A Neighborhood Watch program is an excellent way to get to know your neighbors and open up communication about crime, safety and neighborhood issues. Having a neighborhood prepared for a disaster, when help isn't coming soon, is priceless.
Neighborhood Watch is a program that was started by the National Sheriff's Association 40 years ago as a response to the increase in crime during the late 1960's. Today there are over 22,000 neighborhood watch groups nationwide. The process of starting a neighborhood watch is very simple.
USA On Watch
- Contact your local police department to inquire as to whether there is a Community Affairs contact within the department. That officer should be able to assist you in setting up your watch. If there isn't a contact with the police, inquire about having an officer come to your meeting.
- Canvass your neighbors to let them know you are starting a watch and to pass out fliers informing everyone about the meeting. This is a good way to catch neighbors who are interested but unable to attend. Include your name and contact info on the flier.
- Place a sign in a prominent location in your neighborhood the morning of the meeting to help remind everyone.
- If weather allows, consider having your meeting in the front yard of someone's home. Ask people to bring extra chairs. This allows passersby to jump in and provides easy access.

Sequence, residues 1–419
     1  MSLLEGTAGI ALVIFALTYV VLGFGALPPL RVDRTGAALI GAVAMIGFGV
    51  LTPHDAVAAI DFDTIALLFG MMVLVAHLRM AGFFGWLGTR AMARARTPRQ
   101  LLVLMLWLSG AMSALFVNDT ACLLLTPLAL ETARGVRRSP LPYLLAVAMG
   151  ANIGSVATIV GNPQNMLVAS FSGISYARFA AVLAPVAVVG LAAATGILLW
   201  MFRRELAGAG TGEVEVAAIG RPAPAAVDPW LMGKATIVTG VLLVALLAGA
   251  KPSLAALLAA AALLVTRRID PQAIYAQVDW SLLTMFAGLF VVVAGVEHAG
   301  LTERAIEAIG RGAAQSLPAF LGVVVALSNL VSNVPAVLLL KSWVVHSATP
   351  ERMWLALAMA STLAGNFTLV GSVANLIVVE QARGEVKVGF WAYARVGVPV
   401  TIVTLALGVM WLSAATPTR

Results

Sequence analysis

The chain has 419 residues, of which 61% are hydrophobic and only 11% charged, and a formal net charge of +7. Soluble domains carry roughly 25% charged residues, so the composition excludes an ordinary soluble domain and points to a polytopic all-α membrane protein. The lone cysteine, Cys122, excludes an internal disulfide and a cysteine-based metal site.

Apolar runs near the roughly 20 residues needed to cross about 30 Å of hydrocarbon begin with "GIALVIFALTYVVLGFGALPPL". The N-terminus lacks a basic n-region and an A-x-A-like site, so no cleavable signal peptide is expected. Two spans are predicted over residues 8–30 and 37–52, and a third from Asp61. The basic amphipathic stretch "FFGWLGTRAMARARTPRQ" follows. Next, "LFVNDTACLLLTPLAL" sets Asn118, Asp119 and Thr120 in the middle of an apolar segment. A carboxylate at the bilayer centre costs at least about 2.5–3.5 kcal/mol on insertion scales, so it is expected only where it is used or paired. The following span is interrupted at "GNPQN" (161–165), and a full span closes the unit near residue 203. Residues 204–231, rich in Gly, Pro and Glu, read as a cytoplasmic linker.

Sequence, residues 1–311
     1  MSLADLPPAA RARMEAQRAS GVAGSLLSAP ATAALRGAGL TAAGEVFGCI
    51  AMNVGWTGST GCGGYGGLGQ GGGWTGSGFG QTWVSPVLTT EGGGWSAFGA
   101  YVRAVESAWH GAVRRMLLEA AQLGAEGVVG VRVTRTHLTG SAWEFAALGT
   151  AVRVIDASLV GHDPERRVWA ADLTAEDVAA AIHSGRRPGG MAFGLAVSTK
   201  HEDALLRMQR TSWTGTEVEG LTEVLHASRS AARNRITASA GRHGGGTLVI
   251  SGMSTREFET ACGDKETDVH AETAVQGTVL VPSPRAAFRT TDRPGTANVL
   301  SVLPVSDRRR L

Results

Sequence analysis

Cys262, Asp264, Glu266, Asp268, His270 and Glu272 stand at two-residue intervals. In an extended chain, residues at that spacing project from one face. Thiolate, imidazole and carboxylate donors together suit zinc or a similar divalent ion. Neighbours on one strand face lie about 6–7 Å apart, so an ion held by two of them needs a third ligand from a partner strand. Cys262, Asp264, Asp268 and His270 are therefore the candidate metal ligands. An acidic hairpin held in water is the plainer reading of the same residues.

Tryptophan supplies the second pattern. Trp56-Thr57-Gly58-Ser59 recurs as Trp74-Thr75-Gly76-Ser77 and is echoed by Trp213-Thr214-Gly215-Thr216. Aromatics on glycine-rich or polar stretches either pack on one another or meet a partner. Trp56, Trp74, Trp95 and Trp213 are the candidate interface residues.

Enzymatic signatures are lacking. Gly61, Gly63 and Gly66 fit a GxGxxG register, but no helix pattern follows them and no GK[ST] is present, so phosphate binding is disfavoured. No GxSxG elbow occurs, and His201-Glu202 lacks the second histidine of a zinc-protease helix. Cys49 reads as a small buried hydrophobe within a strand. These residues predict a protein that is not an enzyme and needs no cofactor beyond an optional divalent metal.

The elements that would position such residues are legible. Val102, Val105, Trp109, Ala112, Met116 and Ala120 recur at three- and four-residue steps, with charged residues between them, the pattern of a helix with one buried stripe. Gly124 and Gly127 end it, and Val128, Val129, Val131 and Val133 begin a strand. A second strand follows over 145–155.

- Be sure to pass around a sign-in list to gather names, addresses, phone numbers and e-mail addresses.
- Ask the police officers speaking to address issues specific to your neighborhood. Neighbors should be able to ask questions and raise concerns.
- Arrange for a captain and co-captain to lead the watch program in your neighborhood. The captain should maintain the e-mail list and send updates to the neighbors.
- Visit websites such as The National Crime Prevention Council and The National Neighborhood Watch Institute to get more resources and signage for your street.
- Find out if your municipality has a Community Emergency Response Team (CERT) made up of volunteers who will assist first responders in an emergency. Have CERT members come to a neighborhood meeting to guide you and your neighbors in developing a plan of mutual assistance in the case of an emergency or disaster.
- Keep your watch going by having meetings at least twice a year and by sending e-mail updates to the neighbors. Having an annual block party is a great way to keep the community in touch with each other. If you know your neighbor and your neighbor knows you, it builds a team spirit to reach your goals. National Night Out, held in early August each year, is a great day to have your block party.
Elizabeth Peterson has participated in starting two neighborhood watch programs and takes the phrase "You are your own first responder" very seriously. You can find her taking a bite out of crime on her blog TradedMyBMWforaMinivan.com and on Facebook.com/ElizabethTraded.
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